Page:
Finally, evidence that cellphone radiation may be GOOD for you
This article was originally on a blog post platform and may be missing photos, graphics or links. See About archive blog posts.
Poor cellphones. They get blamed for causing brain tumors, reducing bone density, prompting headaches and dizziness, and more. Though most rigorous research has exonerated the phones (not to mention the laws of physics), many people remain unconvinced.
Now comes a study from the University of South Florida that links cellphones to Alzheimer’s disease. But there’s a twist: The researchers found that radiation from the phones protected mice from the disease, and might even reverse the symptoms.
These surprising results were not found by engineering tiny iPhones and holding them up to the rodents’ ears. Instead, researchers at the Florida Alzheimer’s Disease Research Center arranged about 70 mouse cages in a circle around a central antenna that emitted electromagnetic waves typical of what would emanate from a phone pressed to a human head. They were exposed to the radiation for two hours a day over seven to nine months. About two dozen other mice served as controls.
Some of these mice were normal, but most of them had a genetic mutation that caused them to develop the amyloid plaques that build up in the brains of Alzheimer’s patients. Among these mice, some were old enough to exhibit the dementia associated with Alzheimer’s and others were still young and healthy.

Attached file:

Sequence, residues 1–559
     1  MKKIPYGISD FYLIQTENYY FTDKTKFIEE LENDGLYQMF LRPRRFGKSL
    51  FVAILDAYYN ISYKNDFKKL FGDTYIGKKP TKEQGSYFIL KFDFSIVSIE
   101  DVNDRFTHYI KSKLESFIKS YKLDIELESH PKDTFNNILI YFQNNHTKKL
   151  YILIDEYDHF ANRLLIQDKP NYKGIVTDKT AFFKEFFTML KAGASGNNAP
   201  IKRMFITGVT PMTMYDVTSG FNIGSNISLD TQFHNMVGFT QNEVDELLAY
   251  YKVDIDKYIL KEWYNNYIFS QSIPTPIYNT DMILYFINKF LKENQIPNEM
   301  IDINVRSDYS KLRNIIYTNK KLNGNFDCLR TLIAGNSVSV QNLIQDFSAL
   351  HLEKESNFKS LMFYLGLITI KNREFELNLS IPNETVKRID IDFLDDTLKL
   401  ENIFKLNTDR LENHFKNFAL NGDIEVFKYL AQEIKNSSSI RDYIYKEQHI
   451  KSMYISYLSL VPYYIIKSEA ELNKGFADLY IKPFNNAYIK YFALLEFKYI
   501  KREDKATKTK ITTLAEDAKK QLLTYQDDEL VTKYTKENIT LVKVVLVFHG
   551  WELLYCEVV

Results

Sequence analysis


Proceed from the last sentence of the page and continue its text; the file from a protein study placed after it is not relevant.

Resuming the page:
The researchers found that the memory problems of the older Alzheimer’s mice disappeared over the course of the study. Younger Alzheimer’s mice who were asymptomatic maintained their cognitive function, and the normal mice actually got a memory boost from the cellphone antenna.
It appears that the electromagnetic waves somehow broke down the beta-amyloid plaques in the mouse brains or prevented them from forming in the first place, the researchers said. It’s not clear how this happened, but they found that the temperature of the brains of the Alzheimer’s mice rose by more than 1 degree Centigrade when the cell antenna was turned on. The scientists speculate that the temperature increase caused the mice’s brain cells to release the plaques, which were then flushed from their systems.
The results “suggest that high frequency [electromagnetic field] exposure could be a non-invasive, nonpharmacologic therapeutic against [Alzheimer’s disease], as well as a means to enhance memory in general,” according to the study, which was published today in the Journal of Alzheimer’s Disease.
The researchers are now investigating that possibility, especially since Alzheimer’s has proven to be stubbornly resistant to pharmaceutical treatment.
William Thies, the chief medical and scientific officer for the Alzheimer’s Assn., called the results ‘interesting though very preliminary.’
‘This idea deserves further study,’ he said in a statement. In the meantime, Thies advised Alzheimer’s patients and other would-be memory boosters against ‘self-medicating’ by spending extra time on their cellphones -- especially if they are driving.
Sound advice, to be sure. But if the Florida researchers succeed, perhaps someday your cellphone bill will be covered by health insurance.
Funding for the study was provided by the National Institute on Aging and the USF Health Byrd Alzheimer’s Institute.
-- Karen Kaplan